The Heritage Interpretation Training Center offers a variety of advanced interpretive courses for planning teams, boards of directors and others involved in heritage site/interpretation, short and long term planning, and management. Note that any of these courses can also be presented live at your site for your total team. All courses are "start at any time" and work through the course at your own pace. In a e-LIVE course you have direct contact with the course instructor/coach throughout the course. Click on the link to learn more about each course and its content.
Conducting A Feasibility Analysis Before Developing New Interpretive Centers, Nature Centers and Small Museums. How you can know for sure before you build it.
Nine Units - 2 CEU Credits - $150.00
12 Units, 4 CEU's $300.00
An Interpretive Researchers Guide for Developing Visitor Surveys and Questionnaire/Interview Designs For Natural & Cultural Heritage Sites and Attractions.
Ten Units - 2.5 CEU Credits. $250.00
The Heritage Interpretation Training Center offers a total of 33 college level heritage interpretation training experiences. Trainers are professional interpreters with college degrees specifically in interpretation and years of actual field experience "doing" the course content that they teach. See complete course catalog.

Results-Based Accountability (RBA) is a disciplined way of thinking and taking action that communities and organizations are using to improve the performance of their programs. Developed by Mark Friedman and described in his book Trying Hard is Not Good Enough, RBA is being used throughout the world to make measurable change in people’s lives, communities and organizations. RBA uses a data-driven, decision-making process to help communities and organizations get beyond talking about problems to taking action to solve problems. It is a simple, common sense framework that starts with ends and works backward, towards means. The “end” or difference you are trying to make looks slightly different if you are working on a broad community level or are focusing on your specific program or organization. Fairfield County's Community Foundation presents through its Center for Nonprofit Excellence a series of workshops on RBA. First up is: Results-Based Accountability: The BasicsJuly 20, 9:30am-12:30 pm at the Westport Woman’s Club, 44 Imperial Avenue, Westport. Admission is only $15. Attend this workshop and you will learn: the basic concepts and language of RBA; the process to develop performance measures to evaluate your organization's success and impact; how and where RBA is being used in Connecticut for government and philanthropic funding, and program improvement. Register Here.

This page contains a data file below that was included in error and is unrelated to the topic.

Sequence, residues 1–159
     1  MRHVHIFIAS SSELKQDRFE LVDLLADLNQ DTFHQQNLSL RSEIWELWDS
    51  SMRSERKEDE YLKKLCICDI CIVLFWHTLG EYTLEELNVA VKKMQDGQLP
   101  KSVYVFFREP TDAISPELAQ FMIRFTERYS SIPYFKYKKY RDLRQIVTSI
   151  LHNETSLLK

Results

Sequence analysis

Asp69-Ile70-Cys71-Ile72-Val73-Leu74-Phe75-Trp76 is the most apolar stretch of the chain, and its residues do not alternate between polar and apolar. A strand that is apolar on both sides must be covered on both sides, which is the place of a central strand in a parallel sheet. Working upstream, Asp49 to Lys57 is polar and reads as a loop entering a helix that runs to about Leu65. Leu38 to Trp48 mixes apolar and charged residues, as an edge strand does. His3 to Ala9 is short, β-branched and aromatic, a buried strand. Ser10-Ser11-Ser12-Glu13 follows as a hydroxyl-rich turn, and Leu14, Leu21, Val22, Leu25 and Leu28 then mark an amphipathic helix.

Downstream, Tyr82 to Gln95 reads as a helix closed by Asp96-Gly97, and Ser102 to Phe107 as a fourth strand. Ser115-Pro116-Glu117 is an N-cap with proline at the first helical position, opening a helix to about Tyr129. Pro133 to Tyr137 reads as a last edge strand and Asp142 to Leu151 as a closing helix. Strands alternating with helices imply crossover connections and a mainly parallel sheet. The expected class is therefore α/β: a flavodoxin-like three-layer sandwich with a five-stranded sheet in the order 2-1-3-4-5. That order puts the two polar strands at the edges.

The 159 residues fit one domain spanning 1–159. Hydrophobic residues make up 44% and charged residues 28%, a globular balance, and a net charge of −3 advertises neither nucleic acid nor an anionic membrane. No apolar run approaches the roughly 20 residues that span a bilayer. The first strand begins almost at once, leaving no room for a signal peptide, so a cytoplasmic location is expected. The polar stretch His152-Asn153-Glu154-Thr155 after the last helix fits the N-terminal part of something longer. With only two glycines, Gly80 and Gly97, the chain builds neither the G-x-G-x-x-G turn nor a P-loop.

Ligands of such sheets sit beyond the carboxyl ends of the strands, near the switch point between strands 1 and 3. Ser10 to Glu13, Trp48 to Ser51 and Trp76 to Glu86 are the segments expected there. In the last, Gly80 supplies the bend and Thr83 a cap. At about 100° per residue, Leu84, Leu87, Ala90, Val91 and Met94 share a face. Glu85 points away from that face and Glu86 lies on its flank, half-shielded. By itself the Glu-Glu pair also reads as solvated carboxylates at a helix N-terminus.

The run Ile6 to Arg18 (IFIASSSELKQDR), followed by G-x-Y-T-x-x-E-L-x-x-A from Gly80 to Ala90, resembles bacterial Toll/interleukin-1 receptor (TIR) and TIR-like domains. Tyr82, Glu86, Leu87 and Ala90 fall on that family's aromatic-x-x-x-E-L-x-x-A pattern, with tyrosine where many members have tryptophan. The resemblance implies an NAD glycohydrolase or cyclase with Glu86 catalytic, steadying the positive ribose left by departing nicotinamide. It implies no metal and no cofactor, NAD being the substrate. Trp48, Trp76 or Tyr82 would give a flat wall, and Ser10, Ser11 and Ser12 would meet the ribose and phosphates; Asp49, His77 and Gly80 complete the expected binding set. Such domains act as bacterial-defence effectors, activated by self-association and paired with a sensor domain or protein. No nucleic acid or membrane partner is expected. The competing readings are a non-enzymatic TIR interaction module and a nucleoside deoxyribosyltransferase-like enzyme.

The Aldrich Contemporary Art Museum seeks a Press and Social Media Coordinator to supervise press relations and the Museum's online presence. This position will have as goals the tasks of elevating the Museum's profile, implementing outreach strategies to build constituency engagement, and supporting fundraising goals. The position oversees an active roster of press, media, and other contacts to ensure broad dissemination of Museum news and messaging, manages the Museum's website and social media channels, and acts as a copywriter, editor, and proofreader. Full details and application instructions here.

Fairfield University’s Bellarmine Museum seeks a full-time Museum Assistant who will be critical to meet the growing needs of the Fairfield University Art Museum. The Museum Assistant will provide day-to-day administrative assistance to the staff of, and organizational support for the curatorial, registrarial, and education activities and programs of the museum. The Museum Assistant will also manage the museum membership program. Requirements include: a minimum B. A. or B. S.; 3 years prior museum experience preferred; strong writing and editing skills a plus; computer skills should include Word, Excel and PowerPoint proficiency (Banner and PhotoShop a plus). Willingness to learn new platforms required as job requires interaction with Wrike, Cuseum, Digital Commons and more. This is an 11-month position/Tuesday through Saturday; occasional evenings.  Applicants: p
lease submit a resume, cover letter, and employment application.